Anywhere Out of the World: The Work of Bruce Chatwin

By the time of his death in 1989 at the age of forty-eight, Bruce Chatwin had become one of the most celebrated writers of the twentieth century. Though his career spanned a mere twelve years, his impact and influence was profoundly felt; Chatwin's first book In Patagonia 'redefined travel writing', it was said, whilst his later novel The Songlines became one of the literary sensations of the 1980s. Andrew Harvey wrote in the New York Times in 1987 that 'Nearly every writer of my generation in England has wanted, at some point, to be Bruce Chatwin; wanted, like him, to talk of Fez and Firdausi, Nigeria and Nuristan, with equal authority; wanted to be talked about, as he is, with raucous envy; wanted, above all, to have written his books'. Incorporating original and extensive archival research, as well as new interviews with his family and friends, Anywhere Out of the World provides the definitive critical perspective upon the literary life and work of this enigmatic and influential author.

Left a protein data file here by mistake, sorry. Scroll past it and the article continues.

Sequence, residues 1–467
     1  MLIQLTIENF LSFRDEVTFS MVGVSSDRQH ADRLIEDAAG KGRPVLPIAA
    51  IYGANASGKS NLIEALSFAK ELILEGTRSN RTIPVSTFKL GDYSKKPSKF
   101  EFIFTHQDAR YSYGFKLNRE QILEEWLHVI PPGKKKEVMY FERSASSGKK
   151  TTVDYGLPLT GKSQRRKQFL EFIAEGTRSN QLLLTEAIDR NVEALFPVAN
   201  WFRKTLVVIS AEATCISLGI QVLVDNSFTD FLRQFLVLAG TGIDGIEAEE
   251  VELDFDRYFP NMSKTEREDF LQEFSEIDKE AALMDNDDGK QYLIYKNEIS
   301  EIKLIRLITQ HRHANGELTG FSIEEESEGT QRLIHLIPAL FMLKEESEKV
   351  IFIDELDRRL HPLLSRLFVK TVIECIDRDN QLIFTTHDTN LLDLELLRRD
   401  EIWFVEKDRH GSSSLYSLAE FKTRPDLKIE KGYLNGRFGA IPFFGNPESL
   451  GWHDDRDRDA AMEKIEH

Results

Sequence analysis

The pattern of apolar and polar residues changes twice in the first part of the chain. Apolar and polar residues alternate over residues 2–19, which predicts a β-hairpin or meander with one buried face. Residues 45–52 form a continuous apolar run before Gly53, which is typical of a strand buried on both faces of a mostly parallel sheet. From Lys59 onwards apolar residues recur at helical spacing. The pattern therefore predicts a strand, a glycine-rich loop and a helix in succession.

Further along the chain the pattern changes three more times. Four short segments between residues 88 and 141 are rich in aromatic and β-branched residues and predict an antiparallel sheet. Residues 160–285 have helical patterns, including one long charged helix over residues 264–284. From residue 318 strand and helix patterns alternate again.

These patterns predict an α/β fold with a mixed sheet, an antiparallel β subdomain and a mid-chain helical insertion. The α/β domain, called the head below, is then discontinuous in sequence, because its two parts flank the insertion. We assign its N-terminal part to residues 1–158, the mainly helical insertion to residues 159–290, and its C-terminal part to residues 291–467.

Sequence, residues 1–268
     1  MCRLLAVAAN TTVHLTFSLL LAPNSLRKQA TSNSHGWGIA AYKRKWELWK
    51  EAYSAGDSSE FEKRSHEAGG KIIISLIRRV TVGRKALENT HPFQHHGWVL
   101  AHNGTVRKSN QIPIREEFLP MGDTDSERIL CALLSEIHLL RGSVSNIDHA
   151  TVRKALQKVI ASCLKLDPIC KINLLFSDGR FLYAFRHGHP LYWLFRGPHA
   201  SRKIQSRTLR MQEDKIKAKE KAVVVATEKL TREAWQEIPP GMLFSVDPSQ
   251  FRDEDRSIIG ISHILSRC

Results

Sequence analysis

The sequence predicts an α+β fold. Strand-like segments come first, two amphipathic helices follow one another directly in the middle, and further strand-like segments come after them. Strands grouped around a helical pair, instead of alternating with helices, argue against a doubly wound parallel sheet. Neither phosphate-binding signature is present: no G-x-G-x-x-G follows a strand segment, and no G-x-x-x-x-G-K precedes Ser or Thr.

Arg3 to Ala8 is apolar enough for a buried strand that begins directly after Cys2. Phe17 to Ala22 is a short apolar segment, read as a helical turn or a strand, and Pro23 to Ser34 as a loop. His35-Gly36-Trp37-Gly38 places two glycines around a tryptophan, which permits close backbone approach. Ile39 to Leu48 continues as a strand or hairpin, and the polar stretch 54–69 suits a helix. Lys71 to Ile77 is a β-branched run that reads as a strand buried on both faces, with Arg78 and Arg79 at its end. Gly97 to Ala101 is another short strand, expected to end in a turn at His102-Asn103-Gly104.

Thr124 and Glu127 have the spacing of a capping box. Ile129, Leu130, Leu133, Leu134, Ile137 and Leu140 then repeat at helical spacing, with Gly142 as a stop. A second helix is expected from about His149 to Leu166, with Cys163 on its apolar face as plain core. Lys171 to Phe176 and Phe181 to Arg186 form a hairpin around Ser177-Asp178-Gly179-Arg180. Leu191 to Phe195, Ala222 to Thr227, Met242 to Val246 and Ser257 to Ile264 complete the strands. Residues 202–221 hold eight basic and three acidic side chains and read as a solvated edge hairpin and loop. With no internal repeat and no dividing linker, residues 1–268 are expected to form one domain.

'In Anywhere Out of the World Jonathan Chatwin convincingly argues that Chatwin's fascination with the nature of human restlessness is at the core of all his writing as well as his restless lifestyle. [An] intelligent and readable survey ... Jonathan Chatwin's acute probing yields the best account yet of the origins of [Bruce] Chatwin's restless mania.'
Nicholas Murray,
The TLS, 15th February 2013

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Manchester University Press

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